What would be the cost and benefits associated with creating a multi-lingual office or division of immigration affairs? (Councilman Aguirre)
The City of Alexandria started a Multi-cultural Services Initiative in 2001/2002 that was housed in the Department of Human Services (now DCHS). The focus at the time was on building relationships between the City of Alexandria and the residents of the Arlandria community. It was initially staffed with one person titled Multi-Cultural Services Coordinator (MSC). Staff attended regular community events and offered outreach and education on all City services. Additionally, the staff person assumed supervision over the Hispanic Education and Outreach Program (HEOP) that provided ELL and other acculturalization classes to approximately 400 adult participants annually. The MSC also ensured all City departments had Language Access Plans that complied with Title VI. In 2009, during the recession, the HEOP program was cut out of the budget. The MSC staff person was redeployed to another role in the overall City government.
The Race and Social Equity Officer position in the City Manager’s office approved in the FY 2020 budget was filled in February 2020. The focus of the position is to collaborate with City departments to evaluate policies, practice, and procedures for institutional and systemic bias that may benefit some and not others. Additionally, the position is charged with coordinating with underrepresented groups of population who have not traditionally been involved in government decision making, including non-English speakers and immigrant communities. The goal is to reduce and eliminate disparities and inequities experienced by all residents, especially those in communities of color and other groups who have been historically and systemically marginalized and to ensure current polices are revisited regularly to ensure all Alexandria residents are treated equitably. The benefits of engaging with historically marginalized communities will be in gathering more diverse input around polices that closely impact the livelihood of those groups of population as well as interaction within the larger Alexandria community.
Recently, the Race and Social Equity Officer in collaboration with other City staff completed an assessment of City government language access and provided that assessment to the City Manager that assessment is now under review to determine next steps. This assessment revealed gaps in service delivery and Citywide coordination on language needs and provisions. Some of the primary recommendations to strengthen the initiative include regular surveying of language access usage and needs by departments, creation of a language access reporting tool, and addition of a City-wide Language Access lead position to coordinate the efforts recommended in the assessment. The FY 2022 proposed budget does not create a new language access position whose sole duties would be language access coordination. However, it does fund an additional staff person to continue to work with the Race and Social Equity Officer, with one of the key responsibilities of that role being expanding language access and relationships to communities that need it the most.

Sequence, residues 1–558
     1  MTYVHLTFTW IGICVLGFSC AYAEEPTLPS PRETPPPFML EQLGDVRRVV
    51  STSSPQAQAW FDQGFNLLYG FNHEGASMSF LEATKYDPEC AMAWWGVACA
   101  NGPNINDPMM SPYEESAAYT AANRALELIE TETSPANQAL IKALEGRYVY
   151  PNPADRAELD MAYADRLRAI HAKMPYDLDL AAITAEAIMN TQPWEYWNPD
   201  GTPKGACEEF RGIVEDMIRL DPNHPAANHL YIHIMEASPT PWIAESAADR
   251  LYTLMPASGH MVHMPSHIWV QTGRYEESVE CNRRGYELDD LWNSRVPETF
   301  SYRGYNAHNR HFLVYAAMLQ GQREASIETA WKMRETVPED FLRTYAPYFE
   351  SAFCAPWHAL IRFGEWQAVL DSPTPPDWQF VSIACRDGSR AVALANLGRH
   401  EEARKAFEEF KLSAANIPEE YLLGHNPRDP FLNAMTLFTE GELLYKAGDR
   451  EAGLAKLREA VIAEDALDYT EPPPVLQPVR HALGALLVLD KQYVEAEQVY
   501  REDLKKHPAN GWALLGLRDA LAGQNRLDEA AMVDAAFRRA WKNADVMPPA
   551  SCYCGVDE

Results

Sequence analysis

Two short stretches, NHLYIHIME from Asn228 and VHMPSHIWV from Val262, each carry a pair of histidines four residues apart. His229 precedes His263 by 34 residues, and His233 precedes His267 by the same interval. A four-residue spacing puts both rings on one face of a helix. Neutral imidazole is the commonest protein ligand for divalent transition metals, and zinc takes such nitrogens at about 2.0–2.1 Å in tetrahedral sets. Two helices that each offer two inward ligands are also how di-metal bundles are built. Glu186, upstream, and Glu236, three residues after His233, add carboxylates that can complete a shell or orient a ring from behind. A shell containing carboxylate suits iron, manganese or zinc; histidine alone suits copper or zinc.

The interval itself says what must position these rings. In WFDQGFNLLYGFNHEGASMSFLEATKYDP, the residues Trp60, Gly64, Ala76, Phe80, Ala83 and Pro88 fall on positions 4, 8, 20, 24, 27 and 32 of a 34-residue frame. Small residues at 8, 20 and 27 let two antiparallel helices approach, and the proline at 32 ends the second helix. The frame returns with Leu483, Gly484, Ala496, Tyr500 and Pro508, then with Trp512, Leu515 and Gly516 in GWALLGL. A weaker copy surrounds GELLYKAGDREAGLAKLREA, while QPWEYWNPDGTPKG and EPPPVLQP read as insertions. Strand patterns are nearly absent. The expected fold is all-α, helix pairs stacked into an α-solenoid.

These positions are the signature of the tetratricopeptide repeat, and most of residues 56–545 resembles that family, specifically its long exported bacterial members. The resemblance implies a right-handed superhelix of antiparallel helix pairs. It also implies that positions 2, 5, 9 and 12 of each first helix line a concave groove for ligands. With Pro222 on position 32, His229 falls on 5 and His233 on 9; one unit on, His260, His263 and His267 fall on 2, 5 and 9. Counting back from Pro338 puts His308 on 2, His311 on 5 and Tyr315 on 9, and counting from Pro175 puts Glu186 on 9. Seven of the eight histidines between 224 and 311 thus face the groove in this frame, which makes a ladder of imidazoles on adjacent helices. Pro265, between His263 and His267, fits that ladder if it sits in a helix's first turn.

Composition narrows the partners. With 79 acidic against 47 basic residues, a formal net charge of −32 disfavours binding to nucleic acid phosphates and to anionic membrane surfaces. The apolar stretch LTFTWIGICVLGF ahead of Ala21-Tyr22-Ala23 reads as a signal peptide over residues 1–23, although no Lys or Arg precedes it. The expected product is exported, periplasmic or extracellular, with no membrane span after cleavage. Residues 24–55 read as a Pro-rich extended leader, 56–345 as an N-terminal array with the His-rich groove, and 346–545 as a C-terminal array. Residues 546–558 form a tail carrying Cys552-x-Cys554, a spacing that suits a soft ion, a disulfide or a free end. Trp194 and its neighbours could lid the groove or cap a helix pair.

If there was interest in establishing a multi-lingual FTE that handles one-to-one outreach with individuals and facilitates connection to services meeting their needs and coordinates multi-lingual services across all departments, then additional staffing would need to be considered. This position could fall under the work of the race and social equity efforts to ensure City-wide implementation and execution in policy and practice. Such a position(s) could also be located in DCHS as was the original multi-cultural services coordinator. It is estimated that each additional FTE related to this effort would cost approximately $93,200 annually (salary and benefits) based on job specifications and duties.
All Alexandria, the resolution adopted by the Alexandria City Council in February 2021 committing to race and social equity, specifically highlights the need for expanded language access and implementation of culturally relevant strategies and tactics to do so. This resolution highlights the City’s continued work towards reducing and eliminating disparities in community outcomes and service provision, especially for Black, Indigenous, People of Color and other historically marginalized groups.